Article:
Some contractors argue with their clients over design specifications or the size of the bill. But Anthony Rawls has an entirely different sticking point with his best customer—the route he takes to work.
With the price of gasoline at $4 a gallon, Rawls, the president San-Marin Construction in South San Francisco, is trying to save money. His work can take him as far as Ukiah, more than 100 miles north of San Francisco. For this job, he carefully maps out the routes needed to visit 26 bank branches in the most fuel-efficient manner.
But his client, a major bank he declined to identify, often has a different schedule in mind.
"It's really difficult because they're not even thinking about gas prices," he says. "But it comes out of my overhead, and the price has almost doubled."
For managers of businesses both big and small across the nation, the rising cost of fuel and energy is very much on their minds. It's not just airlines and trucking companies that are struggling with the recent sharp increases in energy prices. Businesses that use cars, vans, or trucks for distribution or services are feeling the pinch, as are manufacturers that use oil-based products from detergent to plastics. Gasoline prices are up nearly 28 percent from a year ago, and crude oil futures are up 85 percent from a year ago.
When oil prices began climbing several years ago, companies were able to absorb the hit, for the most part, as the costs of other goods fell thanks to global competition. Now, however, the prices of other commodities are also rising, adding to the pressure.
The quandary is whether to pass along at least some of the higher costs in the form of price increases. That's easier done when the economy is booming. In a slowing economy, raising prices could drive away customers. Still, there comes a breaking point for a business to stay profitable. The recent surge in fuel prices may be it.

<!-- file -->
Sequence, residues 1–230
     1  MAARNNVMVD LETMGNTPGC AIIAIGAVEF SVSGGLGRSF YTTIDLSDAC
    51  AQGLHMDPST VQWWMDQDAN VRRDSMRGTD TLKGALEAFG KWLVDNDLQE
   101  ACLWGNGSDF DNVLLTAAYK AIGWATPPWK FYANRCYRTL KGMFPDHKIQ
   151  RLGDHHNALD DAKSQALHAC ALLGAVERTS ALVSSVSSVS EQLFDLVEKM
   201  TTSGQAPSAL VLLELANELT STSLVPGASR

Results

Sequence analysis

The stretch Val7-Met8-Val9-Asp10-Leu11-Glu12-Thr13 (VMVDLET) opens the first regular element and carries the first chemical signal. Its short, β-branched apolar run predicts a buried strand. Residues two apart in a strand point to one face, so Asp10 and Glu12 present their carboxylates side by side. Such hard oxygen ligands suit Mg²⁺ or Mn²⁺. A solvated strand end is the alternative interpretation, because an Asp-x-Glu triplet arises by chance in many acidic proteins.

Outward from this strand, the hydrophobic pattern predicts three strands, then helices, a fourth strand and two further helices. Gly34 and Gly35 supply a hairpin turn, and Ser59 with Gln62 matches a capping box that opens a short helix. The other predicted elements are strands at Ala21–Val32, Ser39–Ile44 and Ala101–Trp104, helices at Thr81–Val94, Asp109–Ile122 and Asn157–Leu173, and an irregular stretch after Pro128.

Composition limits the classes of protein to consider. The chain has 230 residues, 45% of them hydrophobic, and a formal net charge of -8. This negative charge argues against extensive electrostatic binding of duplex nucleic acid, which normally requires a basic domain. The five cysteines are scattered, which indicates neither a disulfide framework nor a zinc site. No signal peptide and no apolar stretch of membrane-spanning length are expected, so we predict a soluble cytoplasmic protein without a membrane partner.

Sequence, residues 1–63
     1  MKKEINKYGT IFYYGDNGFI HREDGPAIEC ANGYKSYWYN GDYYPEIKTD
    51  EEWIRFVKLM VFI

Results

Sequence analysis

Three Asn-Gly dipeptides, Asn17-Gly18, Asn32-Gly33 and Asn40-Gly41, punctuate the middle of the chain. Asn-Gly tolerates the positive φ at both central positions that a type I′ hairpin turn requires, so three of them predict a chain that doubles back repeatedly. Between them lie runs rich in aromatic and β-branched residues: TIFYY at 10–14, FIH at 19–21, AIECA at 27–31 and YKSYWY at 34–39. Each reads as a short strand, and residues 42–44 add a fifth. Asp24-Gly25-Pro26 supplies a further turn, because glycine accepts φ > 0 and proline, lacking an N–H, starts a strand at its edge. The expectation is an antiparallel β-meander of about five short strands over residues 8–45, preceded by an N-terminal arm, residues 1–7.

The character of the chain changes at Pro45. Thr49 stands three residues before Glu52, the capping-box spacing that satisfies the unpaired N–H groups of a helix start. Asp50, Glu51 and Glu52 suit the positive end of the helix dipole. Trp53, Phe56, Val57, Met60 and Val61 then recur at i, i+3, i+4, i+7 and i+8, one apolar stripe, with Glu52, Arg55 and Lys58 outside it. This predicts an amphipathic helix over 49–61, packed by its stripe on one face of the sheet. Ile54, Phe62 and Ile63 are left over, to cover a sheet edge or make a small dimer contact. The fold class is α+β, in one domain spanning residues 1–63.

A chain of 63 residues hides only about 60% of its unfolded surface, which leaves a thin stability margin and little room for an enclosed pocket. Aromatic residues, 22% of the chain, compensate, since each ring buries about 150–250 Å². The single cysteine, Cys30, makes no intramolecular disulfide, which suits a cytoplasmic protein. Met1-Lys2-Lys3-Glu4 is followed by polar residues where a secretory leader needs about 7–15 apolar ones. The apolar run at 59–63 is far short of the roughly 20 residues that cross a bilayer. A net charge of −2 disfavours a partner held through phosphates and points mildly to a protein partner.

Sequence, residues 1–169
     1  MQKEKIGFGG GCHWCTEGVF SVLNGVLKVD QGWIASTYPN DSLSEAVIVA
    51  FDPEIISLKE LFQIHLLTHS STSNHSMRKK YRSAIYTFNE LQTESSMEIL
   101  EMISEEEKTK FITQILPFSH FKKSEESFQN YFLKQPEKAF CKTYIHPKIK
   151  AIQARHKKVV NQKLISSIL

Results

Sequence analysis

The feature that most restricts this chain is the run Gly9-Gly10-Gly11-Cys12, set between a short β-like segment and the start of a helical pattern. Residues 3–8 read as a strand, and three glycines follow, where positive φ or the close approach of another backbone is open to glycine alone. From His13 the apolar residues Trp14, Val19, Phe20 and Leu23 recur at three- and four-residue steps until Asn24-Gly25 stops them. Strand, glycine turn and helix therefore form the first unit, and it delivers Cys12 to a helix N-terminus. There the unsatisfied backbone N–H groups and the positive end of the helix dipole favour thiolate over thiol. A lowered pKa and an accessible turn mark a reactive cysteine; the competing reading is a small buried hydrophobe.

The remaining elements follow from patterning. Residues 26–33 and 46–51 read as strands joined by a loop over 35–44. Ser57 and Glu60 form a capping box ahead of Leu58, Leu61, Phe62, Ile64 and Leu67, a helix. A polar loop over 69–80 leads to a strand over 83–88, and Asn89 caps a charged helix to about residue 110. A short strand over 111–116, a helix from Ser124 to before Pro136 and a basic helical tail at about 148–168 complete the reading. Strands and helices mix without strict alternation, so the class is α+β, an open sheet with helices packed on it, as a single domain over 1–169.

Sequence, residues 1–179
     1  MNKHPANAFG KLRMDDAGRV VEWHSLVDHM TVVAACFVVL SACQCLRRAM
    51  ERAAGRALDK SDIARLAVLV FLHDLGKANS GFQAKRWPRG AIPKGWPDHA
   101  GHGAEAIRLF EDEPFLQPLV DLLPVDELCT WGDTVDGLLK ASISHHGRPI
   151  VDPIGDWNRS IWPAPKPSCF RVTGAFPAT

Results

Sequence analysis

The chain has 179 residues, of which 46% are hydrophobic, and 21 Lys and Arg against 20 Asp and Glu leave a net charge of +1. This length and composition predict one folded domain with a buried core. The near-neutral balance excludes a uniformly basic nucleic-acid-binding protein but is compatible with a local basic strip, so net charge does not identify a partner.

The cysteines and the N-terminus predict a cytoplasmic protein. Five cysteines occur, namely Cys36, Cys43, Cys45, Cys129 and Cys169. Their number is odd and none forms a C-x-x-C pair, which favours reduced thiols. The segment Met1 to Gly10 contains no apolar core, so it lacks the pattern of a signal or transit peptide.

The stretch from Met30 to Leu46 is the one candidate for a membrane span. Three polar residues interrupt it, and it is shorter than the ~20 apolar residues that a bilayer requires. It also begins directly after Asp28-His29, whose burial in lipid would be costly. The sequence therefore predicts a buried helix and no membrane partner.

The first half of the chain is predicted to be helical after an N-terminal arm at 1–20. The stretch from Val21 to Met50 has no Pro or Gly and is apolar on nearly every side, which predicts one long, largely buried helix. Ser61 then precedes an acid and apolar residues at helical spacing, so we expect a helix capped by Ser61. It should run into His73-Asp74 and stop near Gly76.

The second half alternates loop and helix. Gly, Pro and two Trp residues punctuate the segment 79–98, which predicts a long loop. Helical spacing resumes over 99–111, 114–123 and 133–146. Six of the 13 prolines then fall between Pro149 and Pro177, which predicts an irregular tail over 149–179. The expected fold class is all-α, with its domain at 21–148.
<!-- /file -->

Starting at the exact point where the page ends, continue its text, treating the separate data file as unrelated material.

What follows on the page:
"It either cuts into their profit, or they pass that on to consumers," says Mark Pingle, a professor of economics at the University of Nevada in Reno. "The trouble is when prices go up, people will tend to buy less of their product."
Rob Adler and his colleagues at Birchwood Best, which produces hardwood and plywood in Birchwood, Wisconsin, for builders and cabinetmakers, have been postponing a decision on prices for months.
"We're looking at raising prices," says Adler, Birchwood's general manager. "We've always been proud of the fact that we've been able to control raw-material costs and manufacturer costs just by continuous improvement. But we may have no choice."
Birchwood has the responsibility of fueling the eight to 10 trucks that leave the main factory every day. The company also has to wrestle with more expensive oil-based resins that are used to make particleboard. The cost of resins has increased by 25 to 40 percent over the last six months, Adler says.
To cut their own costs, the company began designating regular "milk runs" between plants where raw materials are stored, ensuring each run carries the maximum load.
More efficient use of the trucks—making sure nothing leaves half or three-quarters full—has saved thousands of dollars, Adler says. The company has considered more reliance on freight, but it's not practical because they need the "agility" of their own fleet to meet immediate needs of customers.
The only option left is for the company to initiate a "fuel surcharge" for customers taking delivery. "We plan to break it out separately to make sure people know it's a fuel surcharge and can understand it's not just Birchwood," Adler says.